* Investors watching Germany’s Ifo business climate index
* Dollar shored up following spike in Treasury yields
* Aussie manages to reverse part of previous day’s sharp fall
* Graphic: World FX rates in 2019 tmsnrt.rs/2egbfVh
By Tom Finn
LONDON, Feb 22 (Reuters) - The euro held near a two-week high on Friday as investors waited for signs of how the euro zone economy is faring, while the Australian dollar rebounded after China denied it had banned imports of the country’s coal.
Weak data since January has undermined support for the euro and prompted investors to lower their inflation expectations. But hopes for an easing of the U.S.-China trade conflict pushed it up 0.2 percent on Friday, to $1.1351.
Analysts assessing the euro’s prospects are focused on whether a recent slowdown in European growth is likely to be protracted.
“In the end, it is mainly the prospect of the stuttering growth driver Germany that is contributing to the uncertainty regarding the EUR outlook,” said Esther Reichelt, an FX strategist at Commerzbank in Frankfurt.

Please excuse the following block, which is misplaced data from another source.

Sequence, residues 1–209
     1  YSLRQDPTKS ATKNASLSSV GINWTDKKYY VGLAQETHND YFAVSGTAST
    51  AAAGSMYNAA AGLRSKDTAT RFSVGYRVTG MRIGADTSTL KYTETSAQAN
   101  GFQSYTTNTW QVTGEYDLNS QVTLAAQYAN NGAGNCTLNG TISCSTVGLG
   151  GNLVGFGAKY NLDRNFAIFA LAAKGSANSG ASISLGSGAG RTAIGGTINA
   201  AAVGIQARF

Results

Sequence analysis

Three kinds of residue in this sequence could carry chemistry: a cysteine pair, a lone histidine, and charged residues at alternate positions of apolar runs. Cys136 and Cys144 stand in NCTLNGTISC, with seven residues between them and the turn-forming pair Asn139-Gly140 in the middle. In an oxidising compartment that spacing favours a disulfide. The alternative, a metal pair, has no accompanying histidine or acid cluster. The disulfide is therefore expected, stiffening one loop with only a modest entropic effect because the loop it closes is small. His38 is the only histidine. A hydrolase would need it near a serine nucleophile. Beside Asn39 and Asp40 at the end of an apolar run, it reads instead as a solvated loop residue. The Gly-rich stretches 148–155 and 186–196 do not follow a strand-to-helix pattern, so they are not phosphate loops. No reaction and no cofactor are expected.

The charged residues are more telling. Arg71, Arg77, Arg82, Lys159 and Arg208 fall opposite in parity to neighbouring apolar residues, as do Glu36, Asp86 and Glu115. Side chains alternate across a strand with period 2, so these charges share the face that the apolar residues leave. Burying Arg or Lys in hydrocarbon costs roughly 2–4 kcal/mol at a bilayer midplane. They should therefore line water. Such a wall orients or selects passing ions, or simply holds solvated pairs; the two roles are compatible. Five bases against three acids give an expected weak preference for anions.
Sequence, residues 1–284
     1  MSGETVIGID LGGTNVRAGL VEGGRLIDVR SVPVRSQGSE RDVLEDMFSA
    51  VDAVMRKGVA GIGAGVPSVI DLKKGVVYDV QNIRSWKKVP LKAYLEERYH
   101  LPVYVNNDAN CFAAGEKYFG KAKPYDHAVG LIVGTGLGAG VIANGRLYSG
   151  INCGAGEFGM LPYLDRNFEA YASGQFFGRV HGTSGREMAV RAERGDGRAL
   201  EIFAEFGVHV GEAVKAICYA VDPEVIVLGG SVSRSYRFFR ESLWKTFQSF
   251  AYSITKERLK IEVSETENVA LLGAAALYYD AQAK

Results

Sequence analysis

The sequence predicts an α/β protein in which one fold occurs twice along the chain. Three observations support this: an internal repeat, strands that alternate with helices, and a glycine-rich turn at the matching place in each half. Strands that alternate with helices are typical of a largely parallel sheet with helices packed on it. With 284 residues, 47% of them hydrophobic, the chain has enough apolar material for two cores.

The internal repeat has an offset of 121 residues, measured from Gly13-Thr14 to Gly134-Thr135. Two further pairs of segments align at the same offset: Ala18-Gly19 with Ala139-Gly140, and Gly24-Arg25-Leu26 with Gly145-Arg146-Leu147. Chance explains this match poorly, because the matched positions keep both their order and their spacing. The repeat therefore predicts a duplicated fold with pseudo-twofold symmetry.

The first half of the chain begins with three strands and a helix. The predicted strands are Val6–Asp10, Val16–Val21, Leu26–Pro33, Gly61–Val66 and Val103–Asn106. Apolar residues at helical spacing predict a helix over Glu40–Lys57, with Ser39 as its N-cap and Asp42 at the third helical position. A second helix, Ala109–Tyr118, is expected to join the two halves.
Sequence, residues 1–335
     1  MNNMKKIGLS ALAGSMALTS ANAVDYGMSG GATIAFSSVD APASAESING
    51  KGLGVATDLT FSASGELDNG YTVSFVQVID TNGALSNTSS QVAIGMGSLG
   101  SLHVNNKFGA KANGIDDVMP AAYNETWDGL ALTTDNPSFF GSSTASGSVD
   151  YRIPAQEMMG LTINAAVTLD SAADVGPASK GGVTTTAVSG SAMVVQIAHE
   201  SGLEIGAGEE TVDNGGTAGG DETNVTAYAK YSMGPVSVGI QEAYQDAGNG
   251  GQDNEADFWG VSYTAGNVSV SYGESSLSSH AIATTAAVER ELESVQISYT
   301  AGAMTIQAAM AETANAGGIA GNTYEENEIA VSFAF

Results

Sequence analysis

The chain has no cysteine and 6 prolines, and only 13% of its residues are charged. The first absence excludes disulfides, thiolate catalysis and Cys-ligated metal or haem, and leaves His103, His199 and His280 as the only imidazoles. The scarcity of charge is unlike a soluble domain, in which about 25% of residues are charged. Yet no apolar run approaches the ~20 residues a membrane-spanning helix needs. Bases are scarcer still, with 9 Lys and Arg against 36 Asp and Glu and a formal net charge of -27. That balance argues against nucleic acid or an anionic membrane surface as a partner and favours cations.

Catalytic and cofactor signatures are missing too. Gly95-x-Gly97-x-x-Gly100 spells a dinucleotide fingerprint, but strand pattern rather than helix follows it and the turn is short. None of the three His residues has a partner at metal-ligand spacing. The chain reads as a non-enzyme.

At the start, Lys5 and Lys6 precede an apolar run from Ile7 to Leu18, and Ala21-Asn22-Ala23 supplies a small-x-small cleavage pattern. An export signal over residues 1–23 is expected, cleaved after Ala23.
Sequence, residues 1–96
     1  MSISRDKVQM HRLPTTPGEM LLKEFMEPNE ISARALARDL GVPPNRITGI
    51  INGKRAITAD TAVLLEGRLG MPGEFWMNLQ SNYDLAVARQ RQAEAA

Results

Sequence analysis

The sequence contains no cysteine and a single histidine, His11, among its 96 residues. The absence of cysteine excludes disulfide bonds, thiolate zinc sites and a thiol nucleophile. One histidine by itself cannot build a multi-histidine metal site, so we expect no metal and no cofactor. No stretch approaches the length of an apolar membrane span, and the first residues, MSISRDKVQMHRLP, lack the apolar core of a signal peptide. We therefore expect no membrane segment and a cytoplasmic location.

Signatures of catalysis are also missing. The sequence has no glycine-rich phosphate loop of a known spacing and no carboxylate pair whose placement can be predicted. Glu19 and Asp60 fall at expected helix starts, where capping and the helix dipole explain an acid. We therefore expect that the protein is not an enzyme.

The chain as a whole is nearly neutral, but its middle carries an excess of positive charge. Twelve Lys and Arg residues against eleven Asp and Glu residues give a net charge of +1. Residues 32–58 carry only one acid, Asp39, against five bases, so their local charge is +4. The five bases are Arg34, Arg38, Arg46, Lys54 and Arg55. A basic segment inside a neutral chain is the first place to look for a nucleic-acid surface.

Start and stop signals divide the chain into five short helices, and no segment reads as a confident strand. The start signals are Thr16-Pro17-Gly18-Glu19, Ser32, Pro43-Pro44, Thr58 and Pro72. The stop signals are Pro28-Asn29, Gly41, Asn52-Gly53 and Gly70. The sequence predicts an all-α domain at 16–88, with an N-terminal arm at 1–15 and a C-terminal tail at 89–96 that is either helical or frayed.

Traders are watching for Germany’s Ifo business climate index later in the session and for any comments by European Central Bank President Mario Draghi later on Friday on further monetary policy easing.
The Australian dollar rebounded after tumbling more than 1 percent on Thursday, after Reuters reported the Chinese port of Dalian had banned imports of Australian coal indefinitely. China said on Friday imports would continue, but customs has stepped up checks on foreign cargoes.
That saw the Aussie rise to the day’s high of $0.7117, ending 0.4 percent higher on the day.
The dollar weakened against a basket of major currencies. Thursday’s U.S. economic data showed an unexpected decline in core capital goods orders, bolstering expectations the Federal Reserve will keep interest rates steady.
Investors continue to watch high-level talks between U.S. and Chinese trade negotiators in Washington. Just over a week is left before a U.S.-imposed deadline for an agreement expires, triggering higher tariffs.
With the economic outlook foggy and major central banks much more accommodative compared with a few months ago, U.S.-China trade talks and Brexit are the primary concerns for traders. (Additional reporting by Shinichi Saoshiro in Tokyo, editing by Larry King)